I am in Costa Rica right now visiting family and friends as well as taking in some beach time. Making my way around the country, there is so much to see. Among the many amazing sights, I also notice the roads and the potholes, the bars on the houses, people walking around with things for sale.
In some circles people say the terms “third world” and “developing nation” are offensive because they classify certain countries as inferior to more industrialized nations. The origins of these terms “third world” and “developing nation” have different meanings that I find interesting.
Wikipedia says the term Third World “arose during the Cold War to define countries that remained non-aligned with either capitalism and NATO (which along with its allies represented the First World), or communism and the Soviet Union (which along with its allies represented the Second World). This definition provided a way of broadly categorizing the nations of the earth into three groups based on social, political, and economic divisions. Due to many of the Third World countries being extremely poor, it became a stereotype such that people commonly refer to undeveloped countries as “third world countries,” often used in a pejorative way.”
The PBS definition of a developing nation is this: A country with a low standard of living, generally indicated by severe poverty, low income and education levels, high birth rate, and poorly developed social, economic, and technological infrastructure.
The Global Health Equity Foundation defines Developing Nations as “nations with underperforming economies, undervalued currency, unstable democratic governments, lack of infrastructure and low standards of education and healthcare.”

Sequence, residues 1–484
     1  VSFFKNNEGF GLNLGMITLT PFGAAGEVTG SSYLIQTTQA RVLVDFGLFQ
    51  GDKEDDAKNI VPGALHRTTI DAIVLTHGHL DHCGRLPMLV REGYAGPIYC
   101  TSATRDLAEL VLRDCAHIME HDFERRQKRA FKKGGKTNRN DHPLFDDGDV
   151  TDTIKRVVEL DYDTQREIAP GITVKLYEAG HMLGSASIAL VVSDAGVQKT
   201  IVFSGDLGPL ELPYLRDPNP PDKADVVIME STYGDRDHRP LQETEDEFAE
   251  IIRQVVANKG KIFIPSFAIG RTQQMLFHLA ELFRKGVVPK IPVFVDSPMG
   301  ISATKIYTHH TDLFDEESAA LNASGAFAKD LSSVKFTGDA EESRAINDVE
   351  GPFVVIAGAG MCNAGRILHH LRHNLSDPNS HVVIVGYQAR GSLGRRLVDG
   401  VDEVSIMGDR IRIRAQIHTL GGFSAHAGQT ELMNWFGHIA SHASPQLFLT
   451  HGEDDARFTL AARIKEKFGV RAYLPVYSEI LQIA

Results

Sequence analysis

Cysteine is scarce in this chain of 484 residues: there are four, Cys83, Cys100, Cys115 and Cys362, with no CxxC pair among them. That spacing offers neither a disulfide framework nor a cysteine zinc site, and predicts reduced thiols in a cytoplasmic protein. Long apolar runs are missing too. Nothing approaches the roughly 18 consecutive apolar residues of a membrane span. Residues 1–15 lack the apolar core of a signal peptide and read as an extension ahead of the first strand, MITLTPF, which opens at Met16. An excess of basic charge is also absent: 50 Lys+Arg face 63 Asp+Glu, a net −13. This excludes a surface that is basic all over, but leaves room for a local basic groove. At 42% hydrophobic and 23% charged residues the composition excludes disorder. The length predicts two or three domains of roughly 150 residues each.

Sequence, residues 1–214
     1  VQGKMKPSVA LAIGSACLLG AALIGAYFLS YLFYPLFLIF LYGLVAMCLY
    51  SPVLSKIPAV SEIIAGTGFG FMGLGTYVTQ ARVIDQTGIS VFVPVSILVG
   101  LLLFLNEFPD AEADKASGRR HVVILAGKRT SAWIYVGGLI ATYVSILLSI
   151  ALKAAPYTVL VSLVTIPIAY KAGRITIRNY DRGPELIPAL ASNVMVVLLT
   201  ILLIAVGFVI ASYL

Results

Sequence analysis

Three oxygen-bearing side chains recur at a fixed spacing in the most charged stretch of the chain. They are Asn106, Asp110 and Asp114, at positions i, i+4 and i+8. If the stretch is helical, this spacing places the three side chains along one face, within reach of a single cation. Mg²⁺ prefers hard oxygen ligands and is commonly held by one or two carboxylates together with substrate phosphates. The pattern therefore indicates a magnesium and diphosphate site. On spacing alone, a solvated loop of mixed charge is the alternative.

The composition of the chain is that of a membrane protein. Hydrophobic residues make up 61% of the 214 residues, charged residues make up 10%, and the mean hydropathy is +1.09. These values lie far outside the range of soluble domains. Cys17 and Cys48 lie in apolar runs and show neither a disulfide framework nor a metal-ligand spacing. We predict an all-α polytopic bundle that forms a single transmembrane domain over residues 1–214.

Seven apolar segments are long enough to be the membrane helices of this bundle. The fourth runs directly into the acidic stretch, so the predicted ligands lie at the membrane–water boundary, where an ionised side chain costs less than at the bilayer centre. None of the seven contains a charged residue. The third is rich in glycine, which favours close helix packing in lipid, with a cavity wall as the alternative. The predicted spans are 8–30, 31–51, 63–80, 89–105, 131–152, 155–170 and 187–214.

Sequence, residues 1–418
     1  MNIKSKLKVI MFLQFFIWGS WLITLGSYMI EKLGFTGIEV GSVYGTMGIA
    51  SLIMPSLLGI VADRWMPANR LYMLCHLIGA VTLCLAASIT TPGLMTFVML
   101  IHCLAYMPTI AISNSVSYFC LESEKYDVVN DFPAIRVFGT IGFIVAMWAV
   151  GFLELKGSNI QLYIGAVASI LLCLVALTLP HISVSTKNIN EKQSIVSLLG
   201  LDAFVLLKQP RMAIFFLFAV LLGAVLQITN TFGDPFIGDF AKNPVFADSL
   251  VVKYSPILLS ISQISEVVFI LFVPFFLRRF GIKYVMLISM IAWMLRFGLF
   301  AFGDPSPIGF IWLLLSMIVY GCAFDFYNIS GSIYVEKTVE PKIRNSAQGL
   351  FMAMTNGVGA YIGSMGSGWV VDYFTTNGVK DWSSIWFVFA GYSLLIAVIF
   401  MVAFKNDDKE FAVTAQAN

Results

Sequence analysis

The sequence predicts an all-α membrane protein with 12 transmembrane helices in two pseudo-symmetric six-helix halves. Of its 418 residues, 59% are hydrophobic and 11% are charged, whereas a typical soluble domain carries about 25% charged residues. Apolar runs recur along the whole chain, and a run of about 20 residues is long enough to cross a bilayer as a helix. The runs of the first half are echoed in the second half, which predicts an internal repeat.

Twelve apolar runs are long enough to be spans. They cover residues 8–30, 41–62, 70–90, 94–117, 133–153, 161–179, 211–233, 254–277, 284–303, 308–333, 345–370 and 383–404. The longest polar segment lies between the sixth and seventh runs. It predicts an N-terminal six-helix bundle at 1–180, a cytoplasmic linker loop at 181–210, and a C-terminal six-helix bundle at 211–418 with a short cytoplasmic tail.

I look around and see the potholes and bars on the houses and wonder about those classifications of “developed” or not. I’m not sure whether Costa Rica would be classified as “developed” or not (nor am I exploring this in order to figure it out or argue it either way), but I do know the U.S. is considered a “developed nation.”. But what does that mean? Is it about the potholes or the street vendors, the police force, the military, poverty, wealth, freedom?
What are we using to define nations as developed? What is our criteria for developed versus developing? For complete rather than in progress?
As a nation, are we “developed” if women have less rights than men?
Are we “developed” if people have no health insurance, cannot access healthcare, or cannot get needed medications?
Are we “developed” if some people are not protected from violence? (immigrants, Native Americans, lesbian, gay, transgender, bisexual Americans, all women)
Are we “developed” if we put much more money into weapons and war than we do into education and arts?
Are we “developed” if we have a high standard of living that we can’t afford to pay for and continue to live in debt?
Are we “developed” if we have people living in extreme poverty and who have no food to eat but we blame them and say they need to pull themselves up by their bootstraps?
Are we “developed” if we make it illegal for women to make decisions for their bodies and encourage high birth rates, high infant and maternal mortality by attempting to outlaw birth control, abortion, and miscarriage?
We are certainly a “first world” nation as we are more Capitalists than humanists. Our corporations have more rights than women and money buys power.
I come from a nation of wonderful people who have had many opportunities and achievements, but we are at a crossroads. At this point, the freedom of all Americans is being threatened. The more rights taken from women, from poor people, from immigrants, from Native Americans, from LGBT Americans, the more violence and hardship for people all over the world is accepted and seen as the norm.
My conclusion: The United States is a developing nation.
We should see this as a compliment. We haven’t arrived yet- we are still getting there. Shouldn’t we always be developing and growing better and stronger?
We are still developing. We are even developing what it means to be “developed” or not. Let’s not think we have arrived, let’s see we have more to do to the best we can be.
Many of our roads may not have potholes, but the roads to freedom, liberty, equality and justice- all need paved. Adelante Estados Unidos! Adelante!